Monday, January 9, 2012

Humanities and the current push for "STEM" subjects

By now, every parent of a college-age or soon-to-be-college age student has heard the pundits decrying America's paucity of math-science-technology majors. We'll be left behind, they cry. The U.S. will become a has-been economy if we don't train more engineers, they warn.

This kind of talk is all very well and good, but it fails to note at least two important factors: first, not all students are going to be good at math, science, or technology-related fields; and, second, college is not meant to be vocational training. A good college education should teach students how to think, how to reason, how to make a fact-based argument, how to appreciate what has come before.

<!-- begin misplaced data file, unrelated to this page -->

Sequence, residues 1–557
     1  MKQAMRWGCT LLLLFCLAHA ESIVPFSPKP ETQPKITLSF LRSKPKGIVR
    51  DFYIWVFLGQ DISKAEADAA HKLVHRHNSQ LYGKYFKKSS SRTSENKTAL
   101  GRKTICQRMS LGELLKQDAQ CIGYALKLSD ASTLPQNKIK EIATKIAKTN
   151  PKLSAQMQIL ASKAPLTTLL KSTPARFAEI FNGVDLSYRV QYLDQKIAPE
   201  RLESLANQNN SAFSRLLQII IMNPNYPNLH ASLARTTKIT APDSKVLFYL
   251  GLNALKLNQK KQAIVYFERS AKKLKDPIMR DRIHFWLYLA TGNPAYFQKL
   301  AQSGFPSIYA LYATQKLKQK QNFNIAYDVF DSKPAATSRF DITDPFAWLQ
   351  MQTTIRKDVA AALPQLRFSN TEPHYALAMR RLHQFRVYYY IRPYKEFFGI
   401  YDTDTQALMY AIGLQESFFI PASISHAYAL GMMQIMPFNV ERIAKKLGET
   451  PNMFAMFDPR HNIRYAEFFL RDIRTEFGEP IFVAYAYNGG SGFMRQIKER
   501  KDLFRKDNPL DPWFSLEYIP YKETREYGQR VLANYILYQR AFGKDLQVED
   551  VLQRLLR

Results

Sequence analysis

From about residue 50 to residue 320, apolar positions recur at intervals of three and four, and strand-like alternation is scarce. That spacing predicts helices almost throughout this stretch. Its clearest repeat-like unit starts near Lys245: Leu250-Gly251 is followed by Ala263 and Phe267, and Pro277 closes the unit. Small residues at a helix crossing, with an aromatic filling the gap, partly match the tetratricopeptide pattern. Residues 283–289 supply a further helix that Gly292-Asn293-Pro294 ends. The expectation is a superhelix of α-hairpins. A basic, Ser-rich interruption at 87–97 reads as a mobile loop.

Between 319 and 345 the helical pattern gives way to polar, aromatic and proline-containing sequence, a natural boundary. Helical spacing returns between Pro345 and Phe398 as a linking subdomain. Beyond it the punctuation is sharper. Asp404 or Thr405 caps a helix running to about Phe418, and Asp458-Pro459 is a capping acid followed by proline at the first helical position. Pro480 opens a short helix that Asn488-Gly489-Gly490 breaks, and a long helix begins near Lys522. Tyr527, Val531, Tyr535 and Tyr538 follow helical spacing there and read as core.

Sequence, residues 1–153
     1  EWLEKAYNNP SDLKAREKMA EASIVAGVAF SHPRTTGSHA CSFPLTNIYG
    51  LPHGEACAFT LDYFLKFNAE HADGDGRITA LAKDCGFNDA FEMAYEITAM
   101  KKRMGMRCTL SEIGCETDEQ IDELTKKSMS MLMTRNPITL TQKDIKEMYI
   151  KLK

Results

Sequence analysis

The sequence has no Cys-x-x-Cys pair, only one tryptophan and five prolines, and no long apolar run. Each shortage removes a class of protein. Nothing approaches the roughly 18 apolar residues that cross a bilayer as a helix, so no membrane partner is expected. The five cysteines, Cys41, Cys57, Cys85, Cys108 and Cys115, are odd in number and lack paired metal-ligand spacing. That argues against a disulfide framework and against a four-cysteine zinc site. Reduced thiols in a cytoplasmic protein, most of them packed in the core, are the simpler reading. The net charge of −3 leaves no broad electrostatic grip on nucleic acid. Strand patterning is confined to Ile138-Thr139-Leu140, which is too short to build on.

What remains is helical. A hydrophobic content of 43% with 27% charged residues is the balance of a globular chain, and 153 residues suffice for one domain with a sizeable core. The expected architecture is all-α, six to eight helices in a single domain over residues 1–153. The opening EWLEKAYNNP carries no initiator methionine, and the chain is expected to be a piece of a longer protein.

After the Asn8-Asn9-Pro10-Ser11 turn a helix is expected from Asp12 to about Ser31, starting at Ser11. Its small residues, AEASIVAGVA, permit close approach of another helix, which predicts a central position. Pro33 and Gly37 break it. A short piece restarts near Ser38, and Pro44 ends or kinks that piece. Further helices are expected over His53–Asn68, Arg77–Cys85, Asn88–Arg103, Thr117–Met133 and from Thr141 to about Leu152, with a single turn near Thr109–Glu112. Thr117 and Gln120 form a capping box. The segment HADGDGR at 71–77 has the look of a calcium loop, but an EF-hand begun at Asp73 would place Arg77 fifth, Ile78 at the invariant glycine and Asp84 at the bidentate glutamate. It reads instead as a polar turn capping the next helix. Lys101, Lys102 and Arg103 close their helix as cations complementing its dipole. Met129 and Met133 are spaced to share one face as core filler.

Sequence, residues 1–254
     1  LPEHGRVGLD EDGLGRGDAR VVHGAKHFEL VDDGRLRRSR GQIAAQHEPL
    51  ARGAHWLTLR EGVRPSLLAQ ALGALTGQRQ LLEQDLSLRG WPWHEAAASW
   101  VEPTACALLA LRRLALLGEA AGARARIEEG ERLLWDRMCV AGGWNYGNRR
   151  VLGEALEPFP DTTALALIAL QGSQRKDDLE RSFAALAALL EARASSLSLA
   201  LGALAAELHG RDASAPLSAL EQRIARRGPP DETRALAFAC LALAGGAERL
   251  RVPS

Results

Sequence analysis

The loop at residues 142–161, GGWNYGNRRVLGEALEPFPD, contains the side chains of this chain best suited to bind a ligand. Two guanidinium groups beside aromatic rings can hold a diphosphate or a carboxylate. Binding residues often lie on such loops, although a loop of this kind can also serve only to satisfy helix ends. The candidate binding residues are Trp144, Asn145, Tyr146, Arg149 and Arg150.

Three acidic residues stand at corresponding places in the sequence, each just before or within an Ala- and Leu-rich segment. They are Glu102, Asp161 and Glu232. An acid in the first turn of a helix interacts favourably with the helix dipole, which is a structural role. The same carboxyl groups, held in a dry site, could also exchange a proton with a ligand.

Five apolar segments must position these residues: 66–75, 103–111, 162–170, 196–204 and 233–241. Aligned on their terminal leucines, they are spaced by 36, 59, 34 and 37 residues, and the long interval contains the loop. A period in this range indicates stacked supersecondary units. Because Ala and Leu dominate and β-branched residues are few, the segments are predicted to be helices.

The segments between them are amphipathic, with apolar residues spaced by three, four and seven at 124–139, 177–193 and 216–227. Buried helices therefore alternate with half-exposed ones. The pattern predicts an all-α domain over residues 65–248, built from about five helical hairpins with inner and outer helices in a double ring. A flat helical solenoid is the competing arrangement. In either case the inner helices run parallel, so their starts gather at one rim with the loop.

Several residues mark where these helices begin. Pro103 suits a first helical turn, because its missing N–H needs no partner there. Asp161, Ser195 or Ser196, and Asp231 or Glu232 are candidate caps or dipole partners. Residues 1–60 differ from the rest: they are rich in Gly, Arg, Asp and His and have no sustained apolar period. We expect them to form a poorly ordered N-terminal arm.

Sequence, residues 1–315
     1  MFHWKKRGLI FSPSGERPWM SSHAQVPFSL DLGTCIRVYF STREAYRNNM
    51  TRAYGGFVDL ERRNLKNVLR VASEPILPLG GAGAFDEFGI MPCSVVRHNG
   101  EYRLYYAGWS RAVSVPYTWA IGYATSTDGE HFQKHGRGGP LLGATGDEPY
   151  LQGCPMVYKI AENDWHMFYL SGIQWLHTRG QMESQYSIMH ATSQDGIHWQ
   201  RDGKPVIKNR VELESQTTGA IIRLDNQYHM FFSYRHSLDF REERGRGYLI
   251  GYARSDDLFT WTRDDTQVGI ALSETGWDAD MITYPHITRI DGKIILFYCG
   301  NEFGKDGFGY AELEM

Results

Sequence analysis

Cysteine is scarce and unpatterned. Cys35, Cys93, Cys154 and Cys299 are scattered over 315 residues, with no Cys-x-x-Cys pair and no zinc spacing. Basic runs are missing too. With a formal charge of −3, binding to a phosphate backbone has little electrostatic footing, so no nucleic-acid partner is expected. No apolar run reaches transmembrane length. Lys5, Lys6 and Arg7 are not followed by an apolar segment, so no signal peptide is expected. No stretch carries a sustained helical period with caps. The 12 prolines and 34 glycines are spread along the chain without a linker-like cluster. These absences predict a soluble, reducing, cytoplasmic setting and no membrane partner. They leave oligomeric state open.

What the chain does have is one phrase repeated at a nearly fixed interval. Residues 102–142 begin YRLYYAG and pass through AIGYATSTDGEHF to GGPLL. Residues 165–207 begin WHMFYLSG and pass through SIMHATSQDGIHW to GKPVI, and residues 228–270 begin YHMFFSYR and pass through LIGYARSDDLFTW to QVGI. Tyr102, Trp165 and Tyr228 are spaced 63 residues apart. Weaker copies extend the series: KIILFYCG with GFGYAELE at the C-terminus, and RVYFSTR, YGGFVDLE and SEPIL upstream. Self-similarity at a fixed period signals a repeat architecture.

Students who major in history, political science (an oxymoron, perhaps?), literature, sociology, and other such fields learn skills that will be valuable in any occupation. They learn to read carefully to retain content, to question and keep open minds to what they may find, to research thoroughly, to pull facts and details from disparate sources to create a new argument. How can these not relate to any career anyone follows? How can these not be good for the modern American economy?

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